Measuring quality, framing what we know: A critical discourse analysis of the Common Inspection Framework

Dennis, Carol (2011). Measuring quality, framing what we know: A critical discourse analysis of the Common Inspection Framework. Literacy, 45(3) pp. 119–125.

DOI: https://doi.org/10.1111/j.1741-4369.2011.00595.x

Abstract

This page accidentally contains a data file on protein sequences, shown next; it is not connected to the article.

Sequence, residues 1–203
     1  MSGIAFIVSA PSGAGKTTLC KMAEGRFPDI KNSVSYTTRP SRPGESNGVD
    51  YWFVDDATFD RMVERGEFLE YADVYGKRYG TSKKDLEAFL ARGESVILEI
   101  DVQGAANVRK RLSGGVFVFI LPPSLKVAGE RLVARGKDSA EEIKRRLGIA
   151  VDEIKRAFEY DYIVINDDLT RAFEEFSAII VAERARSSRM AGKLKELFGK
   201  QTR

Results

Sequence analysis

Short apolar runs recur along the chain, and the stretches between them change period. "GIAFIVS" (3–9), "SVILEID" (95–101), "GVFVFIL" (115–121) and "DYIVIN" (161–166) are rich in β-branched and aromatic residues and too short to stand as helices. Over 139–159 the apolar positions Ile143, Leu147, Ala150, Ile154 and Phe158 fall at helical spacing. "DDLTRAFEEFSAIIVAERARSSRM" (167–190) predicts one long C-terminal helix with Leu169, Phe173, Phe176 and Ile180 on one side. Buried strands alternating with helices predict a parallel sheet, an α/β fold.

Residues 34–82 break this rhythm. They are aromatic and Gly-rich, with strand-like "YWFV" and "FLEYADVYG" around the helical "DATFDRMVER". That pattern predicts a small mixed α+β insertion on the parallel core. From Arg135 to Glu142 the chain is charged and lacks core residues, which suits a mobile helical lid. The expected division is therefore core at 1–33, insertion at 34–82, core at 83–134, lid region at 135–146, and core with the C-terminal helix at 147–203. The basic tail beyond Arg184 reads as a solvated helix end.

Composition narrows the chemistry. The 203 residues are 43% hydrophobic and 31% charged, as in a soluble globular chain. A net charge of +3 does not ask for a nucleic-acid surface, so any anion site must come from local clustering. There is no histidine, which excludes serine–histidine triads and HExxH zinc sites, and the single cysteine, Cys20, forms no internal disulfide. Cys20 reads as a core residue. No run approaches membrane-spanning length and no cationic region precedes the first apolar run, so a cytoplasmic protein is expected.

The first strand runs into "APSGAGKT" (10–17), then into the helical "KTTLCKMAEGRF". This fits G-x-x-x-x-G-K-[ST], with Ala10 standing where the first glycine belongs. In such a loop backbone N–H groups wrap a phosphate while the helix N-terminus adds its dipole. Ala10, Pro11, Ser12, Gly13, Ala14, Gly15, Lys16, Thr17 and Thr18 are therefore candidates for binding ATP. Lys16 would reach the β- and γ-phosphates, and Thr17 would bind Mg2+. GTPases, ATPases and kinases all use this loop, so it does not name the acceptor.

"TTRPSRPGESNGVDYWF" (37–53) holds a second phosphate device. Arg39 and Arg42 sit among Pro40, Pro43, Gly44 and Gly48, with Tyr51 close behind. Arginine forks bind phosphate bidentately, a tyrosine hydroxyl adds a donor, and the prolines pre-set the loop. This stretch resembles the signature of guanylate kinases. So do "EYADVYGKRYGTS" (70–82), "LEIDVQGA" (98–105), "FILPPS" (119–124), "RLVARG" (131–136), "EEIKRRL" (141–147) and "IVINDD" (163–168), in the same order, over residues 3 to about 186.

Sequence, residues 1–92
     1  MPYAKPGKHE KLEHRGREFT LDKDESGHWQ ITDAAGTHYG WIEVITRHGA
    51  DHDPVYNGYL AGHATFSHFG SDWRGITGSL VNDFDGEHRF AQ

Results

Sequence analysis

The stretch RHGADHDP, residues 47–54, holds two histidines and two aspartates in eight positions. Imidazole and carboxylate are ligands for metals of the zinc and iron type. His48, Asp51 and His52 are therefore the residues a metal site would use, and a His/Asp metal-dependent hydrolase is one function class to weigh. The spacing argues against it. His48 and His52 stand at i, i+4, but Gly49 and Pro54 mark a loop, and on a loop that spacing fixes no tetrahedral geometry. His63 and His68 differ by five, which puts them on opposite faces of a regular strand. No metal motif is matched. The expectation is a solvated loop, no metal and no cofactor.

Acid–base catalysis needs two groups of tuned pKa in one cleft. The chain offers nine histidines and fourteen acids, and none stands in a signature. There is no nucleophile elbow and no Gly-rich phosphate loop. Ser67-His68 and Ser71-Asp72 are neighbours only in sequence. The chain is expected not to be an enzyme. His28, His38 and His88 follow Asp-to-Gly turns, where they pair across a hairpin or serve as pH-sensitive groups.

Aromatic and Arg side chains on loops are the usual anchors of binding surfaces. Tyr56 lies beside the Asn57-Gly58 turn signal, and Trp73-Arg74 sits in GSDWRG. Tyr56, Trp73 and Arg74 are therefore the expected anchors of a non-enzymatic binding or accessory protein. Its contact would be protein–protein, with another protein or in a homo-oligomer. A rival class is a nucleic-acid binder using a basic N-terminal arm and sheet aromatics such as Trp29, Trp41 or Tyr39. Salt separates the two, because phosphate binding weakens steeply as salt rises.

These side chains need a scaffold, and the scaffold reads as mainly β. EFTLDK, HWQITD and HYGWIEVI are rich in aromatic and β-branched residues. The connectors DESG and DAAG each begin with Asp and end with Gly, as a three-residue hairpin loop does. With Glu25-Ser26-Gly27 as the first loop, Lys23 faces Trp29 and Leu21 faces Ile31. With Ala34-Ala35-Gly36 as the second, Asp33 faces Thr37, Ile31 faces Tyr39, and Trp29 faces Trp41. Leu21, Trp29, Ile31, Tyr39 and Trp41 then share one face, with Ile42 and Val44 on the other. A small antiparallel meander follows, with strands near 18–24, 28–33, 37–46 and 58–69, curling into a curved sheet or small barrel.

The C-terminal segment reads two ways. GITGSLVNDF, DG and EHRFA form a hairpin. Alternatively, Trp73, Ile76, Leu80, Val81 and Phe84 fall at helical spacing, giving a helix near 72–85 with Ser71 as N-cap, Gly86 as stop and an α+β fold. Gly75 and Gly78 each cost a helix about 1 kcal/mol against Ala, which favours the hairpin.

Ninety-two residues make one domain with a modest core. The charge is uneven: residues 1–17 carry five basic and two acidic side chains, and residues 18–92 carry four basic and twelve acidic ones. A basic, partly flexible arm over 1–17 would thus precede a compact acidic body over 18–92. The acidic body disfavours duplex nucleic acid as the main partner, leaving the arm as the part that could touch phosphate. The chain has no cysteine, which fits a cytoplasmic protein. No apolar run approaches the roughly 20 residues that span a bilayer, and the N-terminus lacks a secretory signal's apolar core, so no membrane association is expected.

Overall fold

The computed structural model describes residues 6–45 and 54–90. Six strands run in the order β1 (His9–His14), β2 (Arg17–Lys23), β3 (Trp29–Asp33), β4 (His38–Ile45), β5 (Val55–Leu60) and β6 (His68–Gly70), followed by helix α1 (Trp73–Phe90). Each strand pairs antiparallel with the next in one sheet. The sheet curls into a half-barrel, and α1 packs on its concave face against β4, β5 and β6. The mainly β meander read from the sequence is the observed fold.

In “Measuring quality: framing what we know” I of- fer a critique of Success in Adult Literacy, Numeracy and ESOL provision (Success in ALNE) – a contextu- alised reworking of the common inspection frame- work. This document offers a government-sponsored account of what quality means when applied to the teaching of adult language, literacy and numeracy. The paper draws on critical discourse analysis to argue that the writers of Success in ALNE imagine an ideal reader, inviting the actual reader to fall in with the charac- teristics ascribed to this positioning. I argue that Suc- cess in ALNE adopts a series of positionings regard- ing quality, practitioners, learners and learning, each of which require the actual reader to adopt a rela- tional stance. Central to the argument developed is that government-sponsored discourses around quality in adult literacy have effectively marginalised or si- lenced other discourses. The artefacts associated with quality – the individual learning plan – are argued to exert an agentic power; they are invested with the ca- pacity, indeed they are required, to redefine literacy learning. Compliant with the requirements of the qual- ity regime, they co-opt practitioners in an act of transla- tion and an act of betrayal in which the actuality of lit- eracy learning is fitted to prescribed lexical categories until it coheres with the abstractions of what quality requires.

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